by Brandon Mayer
Local Journalism Initiative Reporter
Most people know who to call when they have a problem such as faulty wiring or a leaky pipe; but for many landlords who experience issues with bad tenants, and likewise, tenants who are stuck with a bad landlord, the question of where to turn is often not easily answered. The Times has received reports from concerned residents on both sides of the issue.
One Kemptville landlord, who wished to remain anonymous, provided the Times with a video walkthrough of a house that he had rented to so-called “destructive tenants.” The video showed extensive property damage and filth. The landlord felt he had been taken advantage of and decided to spread the word to help make sure the same thing does not happen to other property owners. The landlord had to go through a difficult eviction process involving the Ontario Provincial Police, by which time there had been many things stolen from the property. He also told the Times that a neighbouring property had issues with the same tenants, suggesting that they may be working their way through other Kemptville properties with the same disregard for the owners’ properties.
From another perspective, the Times received correspondence from an unhappy Kemptville tenant who went so far as to accuse the landlord of being a “racist and sexist slumlord.” In that case, a string of simple requests, such as asking the landlord to repair windows that were falling out of their frames, led to a series of worsening sanctions that may ultimately leave the tenant without housing. For the tenant, who is disabled and suffers from severe bouts of depression, the situation highlights the problem of a lack of affordable and decent housing in this region.
“Being forced back into Ottawa is a very disheartening and scary thing for us; but, it is seeming like it may be our only option. On the upside, in a year or two, there will be more affordable housing.”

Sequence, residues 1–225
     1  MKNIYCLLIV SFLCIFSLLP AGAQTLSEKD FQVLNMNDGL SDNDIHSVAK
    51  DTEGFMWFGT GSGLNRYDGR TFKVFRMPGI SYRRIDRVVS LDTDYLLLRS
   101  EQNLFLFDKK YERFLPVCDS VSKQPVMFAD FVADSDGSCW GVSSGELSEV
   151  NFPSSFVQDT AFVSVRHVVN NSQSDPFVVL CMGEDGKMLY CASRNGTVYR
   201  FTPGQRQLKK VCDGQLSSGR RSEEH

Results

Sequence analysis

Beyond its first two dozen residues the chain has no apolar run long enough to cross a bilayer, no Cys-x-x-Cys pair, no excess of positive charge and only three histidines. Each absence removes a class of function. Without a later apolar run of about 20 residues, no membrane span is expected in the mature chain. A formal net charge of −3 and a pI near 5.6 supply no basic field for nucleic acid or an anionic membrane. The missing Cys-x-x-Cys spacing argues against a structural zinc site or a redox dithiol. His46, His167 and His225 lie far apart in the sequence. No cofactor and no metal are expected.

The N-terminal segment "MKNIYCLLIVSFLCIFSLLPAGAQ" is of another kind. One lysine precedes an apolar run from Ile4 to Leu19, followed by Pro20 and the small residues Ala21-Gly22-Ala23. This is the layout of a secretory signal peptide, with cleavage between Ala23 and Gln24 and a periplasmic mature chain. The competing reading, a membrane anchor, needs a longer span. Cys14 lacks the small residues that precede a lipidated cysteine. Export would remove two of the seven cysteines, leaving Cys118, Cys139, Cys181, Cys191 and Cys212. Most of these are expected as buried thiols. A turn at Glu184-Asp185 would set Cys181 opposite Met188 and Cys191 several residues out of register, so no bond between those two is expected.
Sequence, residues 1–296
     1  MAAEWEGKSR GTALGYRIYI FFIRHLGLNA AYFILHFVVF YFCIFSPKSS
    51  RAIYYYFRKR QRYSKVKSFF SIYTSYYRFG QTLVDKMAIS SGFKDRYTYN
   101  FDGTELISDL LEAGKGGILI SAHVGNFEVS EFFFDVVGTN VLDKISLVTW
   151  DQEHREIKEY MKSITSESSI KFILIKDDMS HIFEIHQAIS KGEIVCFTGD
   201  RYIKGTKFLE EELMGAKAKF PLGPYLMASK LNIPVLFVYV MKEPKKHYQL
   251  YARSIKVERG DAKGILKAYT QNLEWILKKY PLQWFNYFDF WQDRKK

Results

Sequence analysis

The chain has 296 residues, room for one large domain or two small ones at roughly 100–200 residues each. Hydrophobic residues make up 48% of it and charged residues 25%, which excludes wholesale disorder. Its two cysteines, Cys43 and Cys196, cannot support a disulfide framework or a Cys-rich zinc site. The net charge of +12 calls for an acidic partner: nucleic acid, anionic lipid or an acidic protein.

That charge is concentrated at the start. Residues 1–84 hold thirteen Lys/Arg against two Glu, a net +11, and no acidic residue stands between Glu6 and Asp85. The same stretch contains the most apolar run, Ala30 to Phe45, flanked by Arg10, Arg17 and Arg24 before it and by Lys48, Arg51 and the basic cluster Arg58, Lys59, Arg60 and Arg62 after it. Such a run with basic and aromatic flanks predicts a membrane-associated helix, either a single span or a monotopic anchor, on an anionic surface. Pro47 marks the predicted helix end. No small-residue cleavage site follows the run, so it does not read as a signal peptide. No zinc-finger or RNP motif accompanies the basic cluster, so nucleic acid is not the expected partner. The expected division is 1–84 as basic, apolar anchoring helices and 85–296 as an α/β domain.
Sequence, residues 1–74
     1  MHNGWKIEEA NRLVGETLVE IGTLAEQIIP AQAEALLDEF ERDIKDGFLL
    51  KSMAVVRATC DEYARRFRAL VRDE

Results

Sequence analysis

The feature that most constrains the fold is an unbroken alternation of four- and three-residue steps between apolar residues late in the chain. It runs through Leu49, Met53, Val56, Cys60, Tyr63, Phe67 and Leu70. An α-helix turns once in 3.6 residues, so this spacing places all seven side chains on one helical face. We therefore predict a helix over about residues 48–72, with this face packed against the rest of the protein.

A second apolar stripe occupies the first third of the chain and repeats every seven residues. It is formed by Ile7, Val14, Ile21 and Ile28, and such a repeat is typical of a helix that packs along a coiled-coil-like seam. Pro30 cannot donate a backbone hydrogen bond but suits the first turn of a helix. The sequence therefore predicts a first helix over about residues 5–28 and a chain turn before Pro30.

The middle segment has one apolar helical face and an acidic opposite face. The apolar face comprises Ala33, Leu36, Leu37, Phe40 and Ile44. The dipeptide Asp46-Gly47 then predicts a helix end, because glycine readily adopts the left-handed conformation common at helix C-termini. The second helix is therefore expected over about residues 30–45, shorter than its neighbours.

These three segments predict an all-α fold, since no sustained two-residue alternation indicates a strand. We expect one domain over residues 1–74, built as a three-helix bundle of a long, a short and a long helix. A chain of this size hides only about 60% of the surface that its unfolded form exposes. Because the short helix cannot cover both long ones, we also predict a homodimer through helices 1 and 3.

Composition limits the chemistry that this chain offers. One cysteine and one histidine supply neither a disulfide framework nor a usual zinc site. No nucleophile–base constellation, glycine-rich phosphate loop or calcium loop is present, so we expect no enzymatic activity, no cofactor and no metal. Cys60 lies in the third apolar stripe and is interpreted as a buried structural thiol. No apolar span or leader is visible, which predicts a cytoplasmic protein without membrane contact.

It has been suggested that the government needs to put a cap on rent or raise the allowance for disabled, vulnerable women and children. $750.00 for a single parent with one child is not nearly enough for suitable housing. In Ontario, issues between landlords and tenants are heard by a tribunal called the Landlord and Tenant Board (LTB). Through the LTB, tenants can ask for enforceable rulings if, for example, needed safety and comfort repairs are not made in a timely fashion, or parts of the lease agreement are not being followed by the landlord. Similarly, landlords can contact the LTB if tenants are not paying their rent or are causing property damage. This may seem simple, but there can be hidden setbacks to seeking help through the LTB.
Getting help through the LTB is not a fast process. In May, CBC News reported that the LTB is approximately six months behind in helping landlords whose tenants are not paying their rent. For large landlords, or rental properties owned by corporations, this delay is just part of doing business. However, for smaller landlords, such delays can put their own finances in jeopardy as they struggle to pay utility bills and property taxes without receiving rent payments. For tenants, one major issue is that, with sufficient notice, property owners can force evictions for reasons such as selling their property, or choosing to rent the property to immediate family instead. This can often tip the balance of power against tenants, ultimately giving landlords the final say if concessions are not made.
One certainty is that in present times, with the COVID-19 pandemic still looming, and issues of affordability and quality continuing to plague the housing market in a worsening fashion, landlords and tenants need to find common ground. While the LTB can help, it is clear that more expedited options need to find their way into struggling hands – landlords and tenants alike.
The Times will be looking at various housing-related issues in coming weeks.